To increase its overall understanding of how driver-based safety technology performs and to root out any problems, the National Highway Traffic Safety Administration (NHTSA) has issued a new standing general order (2021-01) for stricter crash incident reporting involving SAE Level 2 advanced driver assistance systems (ADAS) and Levels 3-5 automated driver systems (ADS). This includes prototype vehicles and equipment.
Under the jurisdiction of the National Traffic and Motor Vehicle Safety Act, the new mandate calls for manufacturers of ADAS and ADS components and operators who use vehicles equipped with the technology—to notify NHTSA within 24 hours any crash on U.S. public roads that causes serious injury or death.Specifically, this includes crashes causing “a hospital-treated injury, a fatality, a vehicle tow-away, an air bag deployment, or a vulnerable road user such as a pedestrian or bicyclist.”
NHTSA reasoned in the standing order: “Given the rapid evolution of these technologies and testing of new technologies and features on publicly accessible roads, it is critical for NHTSA to exercise its robust oversight over potential safety defects in vehicles operating with ADS and Level 2 ADAS.”
“NHTSA’s core mission is safety. By mandating crash reporting, the agency will have access to critical data that will help quickly identify safety issues that could emerge in these automated systems,” said Dr. Steven Cliff, NHTSA’s Acting Administrator. “In fact, gathering data will help instill public confidence that the federal government is closely overseeing the safety of automated vehicles.”
More than 100 manufacturers and operators of relevant technology, from Aurora to ZF, were included on the service list, and must adhere to the reporting requirements. Along with OEs such as Bendix and Mobileye, all major automotive and truck makers were on the list. No specific fleet was mentioned, which appears to mean a carrier itself that may be testing or deploying the safety tech would not have to create an additional report. [NHTSA did not respond to questions in time for publication.]
Because the order is chock full of legal language, the companies falling under the order’s purview are still trying to figure out how this new compliance measure will impact operations, but those that did release statements appeared to initially support the spirit of the reporting process.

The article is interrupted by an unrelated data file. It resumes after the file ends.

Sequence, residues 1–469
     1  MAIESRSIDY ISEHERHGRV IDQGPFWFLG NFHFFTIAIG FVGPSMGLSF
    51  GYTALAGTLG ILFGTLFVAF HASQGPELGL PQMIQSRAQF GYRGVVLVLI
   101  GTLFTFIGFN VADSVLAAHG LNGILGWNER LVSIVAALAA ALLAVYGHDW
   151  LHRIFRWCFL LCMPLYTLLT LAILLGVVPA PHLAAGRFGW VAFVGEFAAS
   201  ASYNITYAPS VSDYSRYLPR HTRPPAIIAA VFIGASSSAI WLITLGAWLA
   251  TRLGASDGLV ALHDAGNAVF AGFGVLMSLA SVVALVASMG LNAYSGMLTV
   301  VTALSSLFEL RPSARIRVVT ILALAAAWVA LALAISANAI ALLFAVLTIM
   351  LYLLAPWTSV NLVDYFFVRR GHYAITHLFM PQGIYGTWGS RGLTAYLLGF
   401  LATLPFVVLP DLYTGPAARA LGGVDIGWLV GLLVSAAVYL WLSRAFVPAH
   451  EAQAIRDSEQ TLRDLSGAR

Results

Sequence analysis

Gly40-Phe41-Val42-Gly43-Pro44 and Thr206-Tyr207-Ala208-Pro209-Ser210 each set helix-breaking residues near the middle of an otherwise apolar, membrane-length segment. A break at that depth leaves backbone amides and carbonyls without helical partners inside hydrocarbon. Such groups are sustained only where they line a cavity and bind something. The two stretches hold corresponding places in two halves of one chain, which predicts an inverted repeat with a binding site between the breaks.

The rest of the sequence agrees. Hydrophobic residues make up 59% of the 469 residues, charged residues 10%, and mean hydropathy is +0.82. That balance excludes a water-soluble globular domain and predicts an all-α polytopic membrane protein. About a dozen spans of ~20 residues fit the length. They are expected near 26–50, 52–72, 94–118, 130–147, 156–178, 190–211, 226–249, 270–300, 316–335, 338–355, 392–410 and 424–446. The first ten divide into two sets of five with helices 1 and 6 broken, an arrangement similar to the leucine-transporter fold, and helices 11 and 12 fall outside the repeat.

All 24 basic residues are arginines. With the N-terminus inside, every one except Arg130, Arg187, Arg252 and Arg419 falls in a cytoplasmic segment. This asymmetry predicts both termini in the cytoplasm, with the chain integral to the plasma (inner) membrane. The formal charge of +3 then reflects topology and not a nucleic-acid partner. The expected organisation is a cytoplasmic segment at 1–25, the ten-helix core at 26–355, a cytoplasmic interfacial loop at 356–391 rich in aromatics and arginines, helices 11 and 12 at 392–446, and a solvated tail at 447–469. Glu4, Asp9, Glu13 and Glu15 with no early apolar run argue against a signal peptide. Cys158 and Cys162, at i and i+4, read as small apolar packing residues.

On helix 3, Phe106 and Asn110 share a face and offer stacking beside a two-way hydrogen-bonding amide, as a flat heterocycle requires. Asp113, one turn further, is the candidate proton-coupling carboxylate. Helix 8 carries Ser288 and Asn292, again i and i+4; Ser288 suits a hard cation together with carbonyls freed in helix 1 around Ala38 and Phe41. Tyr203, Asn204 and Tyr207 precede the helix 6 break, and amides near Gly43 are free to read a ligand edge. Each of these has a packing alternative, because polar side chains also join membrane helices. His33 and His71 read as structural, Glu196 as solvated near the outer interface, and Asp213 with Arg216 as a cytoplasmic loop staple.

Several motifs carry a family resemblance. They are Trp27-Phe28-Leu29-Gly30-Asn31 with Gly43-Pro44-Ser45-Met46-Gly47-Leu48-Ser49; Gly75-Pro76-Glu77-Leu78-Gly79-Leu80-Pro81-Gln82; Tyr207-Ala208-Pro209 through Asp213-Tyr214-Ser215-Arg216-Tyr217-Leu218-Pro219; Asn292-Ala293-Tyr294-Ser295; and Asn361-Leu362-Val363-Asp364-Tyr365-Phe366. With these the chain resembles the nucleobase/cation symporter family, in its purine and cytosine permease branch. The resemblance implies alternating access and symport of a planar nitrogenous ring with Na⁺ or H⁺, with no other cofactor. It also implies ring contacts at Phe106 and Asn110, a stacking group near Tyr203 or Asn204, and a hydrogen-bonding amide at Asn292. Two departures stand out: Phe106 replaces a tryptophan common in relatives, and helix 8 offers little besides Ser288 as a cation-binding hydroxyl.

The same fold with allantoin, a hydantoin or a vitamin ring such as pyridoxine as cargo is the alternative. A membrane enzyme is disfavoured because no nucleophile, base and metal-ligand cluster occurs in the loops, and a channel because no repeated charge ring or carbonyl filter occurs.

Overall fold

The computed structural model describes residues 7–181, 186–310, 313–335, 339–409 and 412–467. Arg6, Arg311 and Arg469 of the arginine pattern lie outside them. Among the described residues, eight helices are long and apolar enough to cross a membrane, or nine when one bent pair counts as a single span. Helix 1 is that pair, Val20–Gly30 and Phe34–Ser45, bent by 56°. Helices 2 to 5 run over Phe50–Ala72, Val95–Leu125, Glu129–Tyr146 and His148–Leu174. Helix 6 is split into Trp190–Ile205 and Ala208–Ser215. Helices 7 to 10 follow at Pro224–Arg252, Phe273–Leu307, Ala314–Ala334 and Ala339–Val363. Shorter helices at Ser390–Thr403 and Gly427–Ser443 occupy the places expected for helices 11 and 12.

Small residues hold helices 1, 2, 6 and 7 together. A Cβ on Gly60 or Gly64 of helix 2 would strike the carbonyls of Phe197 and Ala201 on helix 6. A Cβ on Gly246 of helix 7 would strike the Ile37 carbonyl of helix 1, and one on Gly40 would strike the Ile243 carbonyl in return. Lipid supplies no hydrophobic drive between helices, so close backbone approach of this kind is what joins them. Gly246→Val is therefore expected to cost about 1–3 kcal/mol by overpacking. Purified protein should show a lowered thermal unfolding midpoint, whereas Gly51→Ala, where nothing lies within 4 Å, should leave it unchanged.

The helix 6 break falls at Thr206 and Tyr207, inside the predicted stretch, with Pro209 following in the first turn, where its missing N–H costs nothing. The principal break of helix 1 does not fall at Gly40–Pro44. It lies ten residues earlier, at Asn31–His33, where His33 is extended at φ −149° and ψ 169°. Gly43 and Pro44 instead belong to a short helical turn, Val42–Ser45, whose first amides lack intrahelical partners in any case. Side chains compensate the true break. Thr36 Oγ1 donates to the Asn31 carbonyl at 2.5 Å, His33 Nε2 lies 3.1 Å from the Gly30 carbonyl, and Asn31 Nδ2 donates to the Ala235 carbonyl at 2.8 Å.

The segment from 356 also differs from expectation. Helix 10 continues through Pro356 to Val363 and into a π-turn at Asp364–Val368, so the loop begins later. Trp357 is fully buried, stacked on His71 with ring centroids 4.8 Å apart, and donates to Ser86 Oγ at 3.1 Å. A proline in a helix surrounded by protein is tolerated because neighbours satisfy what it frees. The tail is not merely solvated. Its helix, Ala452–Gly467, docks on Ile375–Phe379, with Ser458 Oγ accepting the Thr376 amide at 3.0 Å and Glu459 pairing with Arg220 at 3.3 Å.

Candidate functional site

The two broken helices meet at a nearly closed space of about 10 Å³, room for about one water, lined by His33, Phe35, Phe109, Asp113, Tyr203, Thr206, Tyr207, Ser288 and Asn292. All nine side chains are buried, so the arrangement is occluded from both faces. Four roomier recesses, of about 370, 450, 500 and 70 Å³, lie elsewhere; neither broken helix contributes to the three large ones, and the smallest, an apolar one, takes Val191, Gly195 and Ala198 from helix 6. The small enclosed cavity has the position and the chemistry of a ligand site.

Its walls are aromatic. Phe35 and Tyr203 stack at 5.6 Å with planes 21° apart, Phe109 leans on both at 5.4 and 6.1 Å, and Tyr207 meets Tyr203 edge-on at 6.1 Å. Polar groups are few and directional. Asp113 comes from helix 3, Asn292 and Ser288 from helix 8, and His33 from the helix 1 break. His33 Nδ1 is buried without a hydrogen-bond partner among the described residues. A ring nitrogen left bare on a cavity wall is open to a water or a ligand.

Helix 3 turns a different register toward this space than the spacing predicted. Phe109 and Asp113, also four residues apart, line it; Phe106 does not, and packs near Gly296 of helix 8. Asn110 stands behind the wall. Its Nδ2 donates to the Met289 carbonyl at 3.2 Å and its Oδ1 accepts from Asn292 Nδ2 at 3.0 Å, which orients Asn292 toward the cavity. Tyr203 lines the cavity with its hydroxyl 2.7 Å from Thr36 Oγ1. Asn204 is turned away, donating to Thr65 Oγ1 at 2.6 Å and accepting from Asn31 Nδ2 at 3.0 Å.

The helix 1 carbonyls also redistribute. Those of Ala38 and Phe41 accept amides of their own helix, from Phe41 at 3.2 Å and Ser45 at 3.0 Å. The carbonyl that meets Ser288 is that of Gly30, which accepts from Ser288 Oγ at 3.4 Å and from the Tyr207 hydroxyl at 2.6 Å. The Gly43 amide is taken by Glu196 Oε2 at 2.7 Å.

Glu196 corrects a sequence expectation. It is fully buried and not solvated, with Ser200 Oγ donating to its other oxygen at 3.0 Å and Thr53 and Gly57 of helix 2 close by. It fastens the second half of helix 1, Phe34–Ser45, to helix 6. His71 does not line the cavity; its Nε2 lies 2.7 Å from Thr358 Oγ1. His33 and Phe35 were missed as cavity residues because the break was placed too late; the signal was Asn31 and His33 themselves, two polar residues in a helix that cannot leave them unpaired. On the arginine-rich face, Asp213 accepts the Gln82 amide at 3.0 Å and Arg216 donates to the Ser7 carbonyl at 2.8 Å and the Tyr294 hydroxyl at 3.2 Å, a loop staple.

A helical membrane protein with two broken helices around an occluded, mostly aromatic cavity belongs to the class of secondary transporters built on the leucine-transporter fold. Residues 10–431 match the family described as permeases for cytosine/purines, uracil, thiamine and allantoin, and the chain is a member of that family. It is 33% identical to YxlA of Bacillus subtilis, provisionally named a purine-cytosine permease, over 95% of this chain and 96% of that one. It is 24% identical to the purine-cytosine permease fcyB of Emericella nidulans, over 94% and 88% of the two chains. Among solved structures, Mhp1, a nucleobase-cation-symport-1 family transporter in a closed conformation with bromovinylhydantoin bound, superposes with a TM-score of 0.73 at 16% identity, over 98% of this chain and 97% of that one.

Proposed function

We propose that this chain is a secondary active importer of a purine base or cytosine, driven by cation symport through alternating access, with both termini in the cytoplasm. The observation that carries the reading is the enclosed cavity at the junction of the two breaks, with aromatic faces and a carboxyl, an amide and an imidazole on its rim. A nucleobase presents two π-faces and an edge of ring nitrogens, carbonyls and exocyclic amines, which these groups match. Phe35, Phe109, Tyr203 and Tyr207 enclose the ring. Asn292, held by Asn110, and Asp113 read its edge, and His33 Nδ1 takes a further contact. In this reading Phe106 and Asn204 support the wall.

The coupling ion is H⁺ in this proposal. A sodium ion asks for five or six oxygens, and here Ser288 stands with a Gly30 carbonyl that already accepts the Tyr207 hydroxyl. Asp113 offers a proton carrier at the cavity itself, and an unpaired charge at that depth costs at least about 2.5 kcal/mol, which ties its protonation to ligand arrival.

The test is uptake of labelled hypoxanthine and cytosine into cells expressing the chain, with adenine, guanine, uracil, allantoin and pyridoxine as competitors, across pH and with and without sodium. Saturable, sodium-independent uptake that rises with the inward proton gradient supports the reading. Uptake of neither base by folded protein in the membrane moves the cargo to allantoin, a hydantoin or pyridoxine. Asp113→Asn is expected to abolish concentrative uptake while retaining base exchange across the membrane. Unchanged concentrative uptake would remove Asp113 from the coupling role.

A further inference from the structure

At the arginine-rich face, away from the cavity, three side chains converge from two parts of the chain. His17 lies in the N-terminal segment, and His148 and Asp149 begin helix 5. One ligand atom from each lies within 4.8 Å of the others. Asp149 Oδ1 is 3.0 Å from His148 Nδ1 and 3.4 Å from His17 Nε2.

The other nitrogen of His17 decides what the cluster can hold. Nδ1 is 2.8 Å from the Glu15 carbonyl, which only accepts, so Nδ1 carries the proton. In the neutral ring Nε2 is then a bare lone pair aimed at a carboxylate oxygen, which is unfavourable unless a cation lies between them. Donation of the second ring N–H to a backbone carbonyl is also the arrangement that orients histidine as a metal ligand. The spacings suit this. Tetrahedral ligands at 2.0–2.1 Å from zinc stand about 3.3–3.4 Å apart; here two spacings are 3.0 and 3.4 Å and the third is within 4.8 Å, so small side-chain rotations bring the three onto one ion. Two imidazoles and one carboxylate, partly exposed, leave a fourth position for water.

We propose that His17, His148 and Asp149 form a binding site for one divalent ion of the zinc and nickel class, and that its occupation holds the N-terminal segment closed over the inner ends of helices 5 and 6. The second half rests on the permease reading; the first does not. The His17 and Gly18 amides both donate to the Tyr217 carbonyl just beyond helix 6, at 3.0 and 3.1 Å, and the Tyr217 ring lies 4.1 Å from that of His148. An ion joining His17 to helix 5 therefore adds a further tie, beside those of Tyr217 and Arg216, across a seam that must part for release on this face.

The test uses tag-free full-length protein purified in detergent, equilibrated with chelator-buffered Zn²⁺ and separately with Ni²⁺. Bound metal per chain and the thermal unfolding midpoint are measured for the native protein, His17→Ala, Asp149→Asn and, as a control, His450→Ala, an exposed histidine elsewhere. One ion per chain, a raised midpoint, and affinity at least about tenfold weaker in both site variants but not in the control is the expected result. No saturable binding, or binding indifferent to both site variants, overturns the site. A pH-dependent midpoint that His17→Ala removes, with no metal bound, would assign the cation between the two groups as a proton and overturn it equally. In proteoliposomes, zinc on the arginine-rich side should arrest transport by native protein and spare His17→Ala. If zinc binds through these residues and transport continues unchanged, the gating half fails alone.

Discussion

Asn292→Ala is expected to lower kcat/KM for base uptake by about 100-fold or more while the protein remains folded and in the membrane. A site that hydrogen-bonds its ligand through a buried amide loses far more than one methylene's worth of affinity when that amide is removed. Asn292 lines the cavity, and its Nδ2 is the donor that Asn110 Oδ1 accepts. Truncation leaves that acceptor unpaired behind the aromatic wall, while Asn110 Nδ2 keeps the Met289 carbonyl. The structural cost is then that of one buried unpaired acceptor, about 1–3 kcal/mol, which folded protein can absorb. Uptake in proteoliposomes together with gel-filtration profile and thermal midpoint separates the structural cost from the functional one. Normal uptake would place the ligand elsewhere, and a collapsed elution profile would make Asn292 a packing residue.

“The Self-Driving Coalition and NHTSA share the same goal: to significantly reduce the number of lives tragically lost each year on U.S. roads. Clear national reporting standards can be an important means to increase public understanding of autonomous vehicles. But there must be a distinction between our members’ autonomous vehicles--which do not require human intervention to operate safely--and driver assistance technology like Tesla’s, which requires an attentive driver.
“We have worked with NHTSA in a highly collaborative and transparent way, going back to the first AV guidance (FAVP 1.0) in 2016. As we review NHTSA’s new standing general order, the Coalition hopes to restart those constructive conversations so that we can work together to save lives and make our roads safer for everyone.”—Ariel Wolf, Self Driving Coalition general counsel
“ZF respects the need for a careful advancement of ADAS and Autonomous technology and is closely examining the new Standing General Order.” Ashley Van Horn, ZF North America spokesperson
“Bendix supports NHTSA’s core mission of safety and safer roads, and we have long been an active advocate for ongoing education and awareness about our technologies. We continue to stress that Bendix safety technologies complement safe driving practices. No commercial vehicle safety technology replaces a skilled, alert driver exercising safe driving techniques and proactive, comprehensive driver training. Responsibility for the safe operation of the vehicle remains with the driver at all times.”—Bendix Commercial Vehicle Systems
More reporting details
The manufacturer/operator must report crashes applicable to the new rule in electronic format via the NHTSA Manufacturer Recalls Portal (MAP). An account must be created if one does not already exist. Instructions are included in the order.
The report itself is one page and includes fields for reporting entity, vehicle information, incident information, and scene, along with boxes for crash and post-crash data. Space is also provided to describe the narrative, or written description of the events leading up to, during, and after the crash.
Most of the reporting info will be made public, though NHTSA added three exceptions for confidential business information. These exceptions are the version of ADS/ADAS; if the vehicle was within its operational design domain (ODD) at the time of the crash; and the narrative portion. The manufacturer/operator must denote these exceptions and NHTSA does not guarantee they will grant the exception.